Netflix CEO comments lead to civil action by SEC

Netflix Inc said securities regulators plan to take action against the company because of a Facebook post by Chief Executive Reed Hastings that violated public disclosure rules, even as Hastings dismissed the contention in a public letter to shareholders on Thursday.

Stupid of the CEO.



  • http://twitter.com/billyrazzle Billy Razzle

    Not his first stupid thing.

    • Moeskido

      Agreed.

  • http://www.aichon.com/ Brad

    I kinda think it’s silly of the SEC.

    It sounds like their issue is that he was playing favorites by releasing material information privately, rather than in public via a press release or a regulatory filing. But considering it was reported in everything from the LA Times to TechCrunch at the time (anyone can see the page, after all, and reporters actively follow it), I don’t see how this is functionally any different from a press release.

    Maybe that’s because I’m not a journalist myself, and I’m simply unaware of some function a press release serves that is not served by a public and widely-seen Facebook post? To be clear, that’s not sarcasm. I’m honestly curious if there’s something about a press release that makes it special.

    • http://twitter.com/standingpolicy Charles

      I agree with all of that and more to the point I don’t think it was even “material” information, what I’ve read says that their official filings made it clear that they were nearing a billion hours a month.

      • lucascott

        Nearing is NOT the same as reached.

    • lucascott

      Insider trading laws prohibiting giving out information that can effect stock trading to private groups. Period. Hastings was an idiot for thinking Facebook fails under the definition of ‘public’ for these rules. It should have been checked before posting.

  • http://darcyfitzpatrick.tumblr.com/ Darcy Fitzpatrick

    What’s stupid is that anyone thinks what he did was wrong.

    • lucascott

      There are rules, including ones about how you share information that can affect the trading of stocks. The information he posted is of the nature that could have an effect and he posted it on Facebook which has a large but still limited audience. If he was just repeating information they had shared in a fully public quarterly earnings report or press release then he’s fine. But if this was the first release of this information yes he could be in violation, even if the public press release came later in the day. He should have made sure the press release was out first.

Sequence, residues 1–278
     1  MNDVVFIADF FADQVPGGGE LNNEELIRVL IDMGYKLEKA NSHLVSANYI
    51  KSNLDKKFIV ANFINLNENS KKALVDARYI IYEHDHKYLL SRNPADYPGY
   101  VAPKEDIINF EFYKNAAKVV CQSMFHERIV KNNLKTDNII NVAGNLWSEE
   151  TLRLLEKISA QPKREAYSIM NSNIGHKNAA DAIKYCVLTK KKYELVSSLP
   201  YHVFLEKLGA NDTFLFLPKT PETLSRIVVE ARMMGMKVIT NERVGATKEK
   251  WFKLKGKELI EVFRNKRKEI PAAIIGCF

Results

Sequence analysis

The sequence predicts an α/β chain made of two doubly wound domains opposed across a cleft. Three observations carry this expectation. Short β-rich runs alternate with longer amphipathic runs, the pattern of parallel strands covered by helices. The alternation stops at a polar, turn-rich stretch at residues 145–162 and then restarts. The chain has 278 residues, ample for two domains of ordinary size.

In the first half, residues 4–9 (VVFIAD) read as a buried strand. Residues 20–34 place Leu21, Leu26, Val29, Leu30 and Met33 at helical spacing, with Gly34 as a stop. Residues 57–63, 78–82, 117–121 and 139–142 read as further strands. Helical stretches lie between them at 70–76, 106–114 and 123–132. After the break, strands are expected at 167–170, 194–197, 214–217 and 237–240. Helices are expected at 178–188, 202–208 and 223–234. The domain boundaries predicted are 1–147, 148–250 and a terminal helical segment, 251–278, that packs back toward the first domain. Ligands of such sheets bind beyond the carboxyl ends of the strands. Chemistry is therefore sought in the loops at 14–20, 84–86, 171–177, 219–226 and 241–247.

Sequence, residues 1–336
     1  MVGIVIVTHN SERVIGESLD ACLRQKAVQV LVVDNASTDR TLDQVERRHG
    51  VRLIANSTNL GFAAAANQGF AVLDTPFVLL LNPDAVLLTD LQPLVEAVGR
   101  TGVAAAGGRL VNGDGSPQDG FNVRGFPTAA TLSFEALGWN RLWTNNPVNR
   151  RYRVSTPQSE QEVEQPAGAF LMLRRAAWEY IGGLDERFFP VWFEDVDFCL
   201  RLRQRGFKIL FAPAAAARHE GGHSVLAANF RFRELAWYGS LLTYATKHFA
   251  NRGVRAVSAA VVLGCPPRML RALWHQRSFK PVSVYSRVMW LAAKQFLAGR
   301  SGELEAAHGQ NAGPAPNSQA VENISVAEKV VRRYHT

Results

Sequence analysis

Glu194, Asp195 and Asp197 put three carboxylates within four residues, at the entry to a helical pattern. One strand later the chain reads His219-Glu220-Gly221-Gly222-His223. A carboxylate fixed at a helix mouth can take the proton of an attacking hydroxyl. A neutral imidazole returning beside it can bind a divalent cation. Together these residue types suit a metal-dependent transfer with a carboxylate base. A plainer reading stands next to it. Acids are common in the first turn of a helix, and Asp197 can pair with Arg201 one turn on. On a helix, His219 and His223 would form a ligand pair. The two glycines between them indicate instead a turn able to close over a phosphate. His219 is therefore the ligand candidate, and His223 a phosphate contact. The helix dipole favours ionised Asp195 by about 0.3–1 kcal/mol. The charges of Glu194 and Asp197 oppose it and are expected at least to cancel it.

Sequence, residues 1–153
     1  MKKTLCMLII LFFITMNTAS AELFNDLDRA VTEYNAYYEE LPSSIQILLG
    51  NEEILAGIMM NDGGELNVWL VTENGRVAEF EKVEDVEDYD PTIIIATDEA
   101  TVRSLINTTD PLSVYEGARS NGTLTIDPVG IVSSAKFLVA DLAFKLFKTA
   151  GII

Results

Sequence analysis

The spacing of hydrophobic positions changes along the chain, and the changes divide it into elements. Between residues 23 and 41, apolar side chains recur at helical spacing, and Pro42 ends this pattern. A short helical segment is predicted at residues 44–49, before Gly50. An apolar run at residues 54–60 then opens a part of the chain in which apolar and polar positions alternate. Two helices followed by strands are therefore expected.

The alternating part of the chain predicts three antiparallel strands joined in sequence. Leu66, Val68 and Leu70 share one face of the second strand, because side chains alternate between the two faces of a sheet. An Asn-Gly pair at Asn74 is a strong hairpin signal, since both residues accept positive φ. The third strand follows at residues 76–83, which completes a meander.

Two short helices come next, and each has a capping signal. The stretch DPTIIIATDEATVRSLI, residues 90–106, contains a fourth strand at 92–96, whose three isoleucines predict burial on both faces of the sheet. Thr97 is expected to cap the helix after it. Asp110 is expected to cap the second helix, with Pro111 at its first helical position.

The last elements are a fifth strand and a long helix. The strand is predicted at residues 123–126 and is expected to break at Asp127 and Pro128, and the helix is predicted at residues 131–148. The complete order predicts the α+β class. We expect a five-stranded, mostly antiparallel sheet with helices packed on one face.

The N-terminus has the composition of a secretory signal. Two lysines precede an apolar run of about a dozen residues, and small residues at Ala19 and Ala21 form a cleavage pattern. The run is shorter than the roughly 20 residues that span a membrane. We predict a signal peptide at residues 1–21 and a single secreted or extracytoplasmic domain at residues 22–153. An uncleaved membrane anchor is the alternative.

• http://bloodnok.net/ dennis bloodnok

    stupid of the sec, you mean? i like that the corrupt twonks pursue something stunned like a public facebook posting as if it’s a crime yet haven’t even charged let alone jailed a single bankster …..

  • http://www.facebook.com/profile.php?id=20500620 Joseph Blake

    This is stupid of the SEC. I’m one of the biggest Obama voters around, but even I think this is a stupid application of regulation. I suspect someone at the SEC (wrongly) thinks it was only visible and therefore only known to the 250,000-odd people who “Liked” the page

    • lucascott

      No, someone at the SEC rightly understood that it was visible only to those that use Facebook. Which is not everyone in the country much less the world.

      The regulations define how this type of information is supposed to be released, what is ‘public’. Social media isn’t on that list. Perhaps it should be, but it wasn’t at the time of the offense and thus the reason for this investigation. Even the source says this isn’t a final judgement. They might decide he is at fault, they might decide that this shows that its time to change the definitions.

  • http://twitter.com/apple4ever Matthew Butch

    Stupid CEO? NO! Stupid SEC. What a waste of an agency. It needs to be abolished.

    • JDSoCal

      Exactly, a useless agency. Just go ask any investor or trader. How do you reach someone over there to file a complaint? Good luck.